New Snow Day Law Makes It Official: Pennsylvania Hates Happiness

In what can only be construed as a cruel attempt to prepare kids for the working world, Gov. Wolf has signed a bill that will allow schools to force students to work from home when the weather outside is frightful.

sledding art museum steps snow days

These may have been the last kids ever sledding down the Art Museum steps/ (AP Photo/Matt Rourke)

It’s summer. For a few blissful weeks, children are free to romp happily, chase the ubiquitous music of ice cream trucks, devour cup after cup of cherry water ice, and splash around in crowded public pools. The air is warm, the sun is (usually) shining, and just about everyone’s happy. No one’s thinking about winter, or snow, or snow days — except for state legislature, apparently.

Last week, in what can only be construed as a cruel attempt to prepare pupils for the mundanity of the working world, Gov. Tom Wolf signed a bill that will allow Pennsylvania schools to force students to work from home when the weather outside is frightful.

The new law gives school districts the power to turn what we currently know (and love) as snow days into “flexible instructional days” (destined to become known to children as “flex days”). RIP to spontaneous sledding and snowball fights, packaged hot cocoa on weekday mornings, and childhood fun as know (and remember) it.

Under the program, school districts approved by the state Board of Education would distribute previously devised lesson plans on these so-called flex days. The plans would include information on how students and employees can use technology (like the internet, laptops, iPads, phones, etc.) to conduct what would at best resemble a normal school day, only at home and with some “flexibility.” (Those of us who work from home in our sad adult lives can understand this concept fairly easily.) Somehow — though it’s not yet exactly clear — schools would also have to plan lessons for students or employees who don’t have access to handy technological devices or the internet.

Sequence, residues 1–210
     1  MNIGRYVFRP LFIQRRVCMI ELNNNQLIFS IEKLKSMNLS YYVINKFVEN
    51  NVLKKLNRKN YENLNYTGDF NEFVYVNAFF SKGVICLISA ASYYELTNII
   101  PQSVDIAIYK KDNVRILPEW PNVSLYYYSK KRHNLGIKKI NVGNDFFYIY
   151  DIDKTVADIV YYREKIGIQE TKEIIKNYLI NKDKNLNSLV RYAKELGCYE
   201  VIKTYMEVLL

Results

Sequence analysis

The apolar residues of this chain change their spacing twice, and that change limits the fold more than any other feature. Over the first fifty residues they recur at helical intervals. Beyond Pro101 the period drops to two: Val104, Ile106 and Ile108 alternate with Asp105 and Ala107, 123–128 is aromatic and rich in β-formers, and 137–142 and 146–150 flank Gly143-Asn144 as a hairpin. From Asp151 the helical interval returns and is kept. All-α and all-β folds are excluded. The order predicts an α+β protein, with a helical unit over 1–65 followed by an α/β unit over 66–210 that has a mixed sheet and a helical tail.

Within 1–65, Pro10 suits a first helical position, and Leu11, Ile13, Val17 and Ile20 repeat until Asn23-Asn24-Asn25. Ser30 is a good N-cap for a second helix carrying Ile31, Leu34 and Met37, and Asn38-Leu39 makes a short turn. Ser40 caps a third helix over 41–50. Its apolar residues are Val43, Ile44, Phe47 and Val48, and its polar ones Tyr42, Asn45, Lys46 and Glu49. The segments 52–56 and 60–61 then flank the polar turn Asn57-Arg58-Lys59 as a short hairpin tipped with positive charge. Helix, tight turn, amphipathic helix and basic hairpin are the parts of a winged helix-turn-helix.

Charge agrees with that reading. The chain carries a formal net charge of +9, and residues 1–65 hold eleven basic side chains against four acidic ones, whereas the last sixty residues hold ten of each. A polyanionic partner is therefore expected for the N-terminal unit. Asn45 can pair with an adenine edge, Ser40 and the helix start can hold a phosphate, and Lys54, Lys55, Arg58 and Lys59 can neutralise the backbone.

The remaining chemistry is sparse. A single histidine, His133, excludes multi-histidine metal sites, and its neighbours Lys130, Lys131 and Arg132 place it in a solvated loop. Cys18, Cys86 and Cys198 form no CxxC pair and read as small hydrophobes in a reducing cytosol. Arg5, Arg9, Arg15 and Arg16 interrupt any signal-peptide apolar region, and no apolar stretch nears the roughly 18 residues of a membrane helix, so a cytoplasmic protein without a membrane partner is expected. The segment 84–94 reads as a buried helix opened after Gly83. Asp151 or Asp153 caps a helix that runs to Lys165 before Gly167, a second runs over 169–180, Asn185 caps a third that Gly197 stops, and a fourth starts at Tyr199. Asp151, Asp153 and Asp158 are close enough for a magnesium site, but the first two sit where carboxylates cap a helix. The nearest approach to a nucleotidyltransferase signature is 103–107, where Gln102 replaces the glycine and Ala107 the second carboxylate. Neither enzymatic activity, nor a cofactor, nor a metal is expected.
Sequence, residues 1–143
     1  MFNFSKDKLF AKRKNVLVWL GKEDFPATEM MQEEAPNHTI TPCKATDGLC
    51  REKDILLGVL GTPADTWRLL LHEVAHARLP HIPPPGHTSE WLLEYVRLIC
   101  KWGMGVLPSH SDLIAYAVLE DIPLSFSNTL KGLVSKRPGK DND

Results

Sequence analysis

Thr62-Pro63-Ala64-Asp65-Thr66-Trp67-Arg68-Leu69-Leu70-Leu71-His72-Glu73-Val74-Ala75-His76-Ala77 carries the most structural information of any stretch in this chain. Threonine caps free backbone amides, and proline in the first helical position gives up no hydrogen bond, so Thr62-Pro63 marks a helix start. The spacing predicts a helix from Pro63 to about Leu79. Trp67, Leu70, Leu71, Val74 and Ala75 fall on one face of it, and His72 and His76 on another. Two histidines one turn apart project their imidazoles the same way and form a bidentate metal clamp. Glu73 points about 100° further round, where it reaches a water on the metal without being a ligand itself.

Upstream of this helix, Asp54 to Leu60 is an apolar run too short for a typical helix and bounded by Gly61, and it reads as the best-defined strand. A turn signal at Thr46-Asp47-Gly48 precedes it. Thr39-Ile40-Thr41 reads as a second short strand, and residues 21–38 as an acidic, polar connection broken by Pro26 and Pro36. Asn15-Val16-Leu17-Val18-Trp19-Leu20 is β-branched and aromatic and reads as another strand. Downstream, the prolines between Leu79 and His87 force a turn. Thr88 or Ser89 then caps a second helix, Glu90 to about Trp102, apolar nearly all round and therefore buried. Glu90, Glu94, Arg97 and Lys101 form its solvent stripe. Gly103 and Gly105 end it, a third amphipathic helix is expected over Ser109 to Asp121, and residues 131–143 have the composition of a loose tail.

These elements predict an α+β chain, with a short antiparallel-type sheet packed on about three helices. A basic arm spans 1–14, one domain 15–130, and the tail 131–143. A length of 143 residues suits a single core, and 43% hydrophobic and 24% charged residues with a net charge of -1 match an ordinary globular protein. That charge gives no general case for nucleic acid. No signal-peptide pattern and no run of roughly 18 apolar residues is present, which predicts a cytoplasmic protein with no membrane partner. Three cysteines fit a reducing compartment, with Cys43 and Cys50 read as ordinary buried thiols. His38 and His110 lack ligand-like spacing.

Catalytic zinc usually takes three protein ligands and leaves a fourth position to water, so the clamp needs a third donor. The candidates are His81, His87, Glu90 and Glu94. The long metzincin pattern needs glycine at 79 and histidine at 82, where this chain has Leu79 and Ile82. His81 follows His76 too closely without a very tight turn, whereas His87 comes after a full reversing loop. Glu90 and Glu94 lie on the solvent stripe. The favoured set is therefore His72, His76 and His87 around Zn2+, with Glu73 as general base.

Flex days would count toward the state’s mandated 180 days of instruction; therefore, schools would also have to take attendance on these days, as required by state law. Again, it’s not clear how that’s going to be possible — but we’ll see what school districts come up with.

Public, charter and private schools could opt into the “flex day” program — it wouldn’t be mandatory. It’s not yet clear if the School District of Philadelphia will take part. Megan Lello, a spokesperson for the school district, said officials are aware of the bill but would need to further “look into it” to see if flex days would fit the district’s need. Lello said administrators are considering limitations like access to technology at home.

Within a month, the state Department of Education is expected to post application forms for schools looking to establish flex day plans on its website. As outlined in the bill, school districts could devise lesson plans for subjects like language arts, math, and science. Applications will be due to the Department of Education by September 1st, and schools would be notified of their approval status by November 1st.

The lesson plans wouldn’t just come in handy on snow days — they could also be used in the event of other school closures, caused by things like law enforcement emergencies or disease epidemics. (Let’s hope the latter never occurs.) Schools would be permitted to enact up to five flex days per year, which means children might soon be forced to endure entire winters — or the whole of their student careers — without ever experiencing a single snow day. For anyone who recalls the pure bliss of waking up to fluffy white powder and seeing your school’s name under the “closures” list on the television screen (or hearing it on the radio … or, now, reading it on your phone screen), you know just how sad this news really is.

In the meantime, Philly kids should probably just continue enjoying the summer while they can (and childhood, for that matter).